This gorgeous woodcut print is the work of Jenny Pope, one of my favourite printmakers. Lots of her art is available to buy on her website and she’s promised me she will soon be blogging about lionfish. But first, here are my thoughts on seeing my first lionfish in the wrong place.
Before I arrived in Abaco I’d heard a lot about lionfish. I don’t remember when I first cottoned on to the fact that they had been released into the Caribbean and taken hold of reefs across the region, munching their way through the native fish that have no idea what to make of these poisonous predators. I was expecting to encounter one in the Bahamas and yet it was a strange moment when I first spotted a familiar shape. Here was a beautiful fish that normally I’d be delighted to see decorating a reef in Malaysia or the Maldives. But this was a lionfish in the wrong place.
It was a little guy with dark pigmentation, almost black, hunched down low on a patch reef. And being sprung by a gang of marine scientists this fish was doomed. I knew we’d have to take it with us. I knew it didn’t belong, that its vital statistics will help advance understanding of how lionfish are fairing in their new, uninvited territory.
Call me a fish-hugging hippy but still I couldn’t help feeling a little bit sorry for it. Lionfish didn’t ask to come to the Caribbean. We can hardly blame them for their voracious appetites or their bountiful reproduction. They evolved far, far away and their instinct is to eat and make more lionfish. People put them in the wrong place and now scientists are busy trying to figure out how this huge ecological experiment will play out.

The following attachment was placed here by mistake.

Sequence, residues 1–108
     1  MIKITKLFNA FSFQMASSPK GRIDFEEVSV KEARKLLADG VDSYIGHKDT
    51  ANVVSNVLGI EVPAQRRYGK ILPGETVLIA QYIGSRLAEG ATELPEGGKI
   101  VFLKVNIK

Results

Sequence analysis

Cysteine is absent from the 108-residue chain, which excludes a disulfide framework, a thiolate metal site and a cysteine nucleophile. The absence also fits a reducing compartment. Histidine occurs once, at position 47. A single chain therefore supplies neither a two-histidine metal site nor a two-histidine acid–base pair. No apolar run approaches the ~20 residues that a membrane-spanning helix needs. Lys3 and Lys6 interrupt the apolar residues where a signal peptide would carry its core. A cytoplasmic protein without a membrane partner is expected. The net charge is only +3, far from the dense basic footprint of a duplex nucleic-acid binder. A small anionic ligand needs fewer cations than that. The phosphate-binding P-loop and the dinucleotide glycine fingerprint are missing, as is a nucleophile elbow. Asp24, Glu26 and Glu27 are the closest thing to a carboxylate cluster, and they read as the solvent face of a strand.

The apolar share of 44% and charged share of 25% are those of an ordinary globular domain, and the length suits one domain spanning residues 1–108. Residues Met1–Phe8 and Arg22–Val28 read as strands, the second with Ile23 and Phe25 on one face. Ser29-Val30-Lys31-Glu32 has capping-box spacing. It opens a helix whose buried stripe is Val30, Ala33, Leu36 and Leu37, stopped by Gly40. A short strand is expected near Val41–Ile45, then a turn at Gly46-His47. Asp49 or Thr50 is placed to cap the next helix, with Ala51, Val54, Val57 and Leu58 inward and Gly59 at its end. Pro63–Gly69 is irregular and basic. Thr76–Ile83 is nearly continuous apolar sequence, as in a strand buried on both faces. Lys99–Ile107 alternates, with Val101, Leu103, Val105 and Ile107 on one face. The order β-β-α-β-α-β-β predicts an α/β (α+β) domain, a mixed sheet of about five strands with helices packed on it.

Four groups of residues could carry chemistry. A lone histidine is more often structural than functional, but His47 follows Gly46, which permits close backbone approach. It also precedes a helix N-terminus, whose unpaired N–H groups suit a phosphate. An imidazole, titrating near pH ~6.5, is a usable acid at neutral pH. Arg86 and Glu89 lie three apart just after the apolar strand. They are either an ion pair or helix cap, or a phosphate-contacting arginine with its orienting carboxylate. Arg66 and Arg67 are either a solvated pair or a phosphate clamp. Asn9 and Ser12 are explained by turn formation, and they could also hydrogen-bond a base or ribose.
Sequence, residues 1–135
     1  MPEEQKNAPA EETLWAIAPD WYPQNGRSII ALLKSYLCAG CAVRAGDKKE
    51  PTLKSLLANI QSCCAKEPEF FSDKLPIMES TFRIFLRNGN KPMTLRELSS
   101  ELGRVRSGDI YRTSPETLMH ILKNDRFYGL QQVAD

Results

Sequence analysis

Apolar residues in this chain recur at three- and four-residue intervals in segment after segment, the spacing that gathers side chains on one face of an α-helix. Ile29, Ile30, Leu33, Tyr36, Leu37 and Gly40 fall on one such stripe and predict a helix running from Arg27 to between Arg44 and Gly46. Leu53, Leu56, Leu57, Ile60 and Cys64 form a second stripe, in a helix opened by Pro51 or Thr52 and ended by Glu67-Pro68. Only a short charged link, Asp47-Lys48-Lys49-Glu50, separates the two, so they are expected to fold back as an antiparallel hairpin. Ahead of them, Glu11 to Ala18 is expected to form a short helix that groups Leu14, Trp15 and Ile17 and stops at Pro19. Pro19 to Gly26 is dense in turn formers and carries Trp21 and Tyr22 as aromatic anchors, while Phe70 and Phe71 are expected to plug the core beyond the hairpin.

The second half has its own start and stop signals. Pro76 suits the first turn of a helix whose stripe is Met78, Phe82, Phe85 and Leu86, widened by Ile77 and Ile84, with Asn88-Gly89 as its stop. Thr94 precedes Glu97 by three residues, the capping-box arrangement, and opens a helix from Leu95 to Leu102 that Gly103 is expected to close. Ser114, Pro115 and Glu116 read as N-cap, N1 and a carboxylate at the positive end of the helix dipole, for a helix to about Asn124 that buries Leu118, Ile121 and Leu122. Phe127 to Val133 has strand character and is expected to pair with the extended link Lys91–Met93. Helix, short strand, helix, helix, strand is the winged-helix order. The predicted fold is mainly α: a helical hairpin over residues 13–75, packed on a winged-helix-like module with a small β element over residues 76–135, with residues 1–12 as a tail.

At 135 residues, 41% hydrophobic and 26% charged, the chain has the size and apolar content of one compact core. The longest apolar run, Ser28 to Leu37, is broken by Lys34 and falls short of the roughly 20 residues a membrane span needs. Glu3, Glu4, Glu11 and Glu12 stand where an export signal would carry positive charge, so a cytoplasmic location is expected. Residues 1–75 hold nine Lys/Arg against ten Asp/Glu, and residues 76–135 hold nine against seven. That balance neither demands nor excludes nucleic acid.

Divers and spear fishers are being encouraged to hunt lionfish across the Caribbean and I quite agree that this is a useful way of helping to curb the population and stem the damage they’re doing. It would be fantastic if this encouraged people to fish and eat fewer of the other fish in the Caribbean. But let’s not demonize the lionfish. People need to catch and kill them and yet we can still marvel at their beauty and appreciate them as a fascinating outcome of natural selection. The story that’s unfolding on Caribbean reefs is a lesson in what happens when humans meddle with the natural world, when we poke and prod at things we don’t fully understand, and the unexpected consequences that ripple out from seemingly small actions like keeping a fish in a tank. The problem of lionfish shouldn’t distract from the other threats to ocean life, all of them due to human actions, big and small.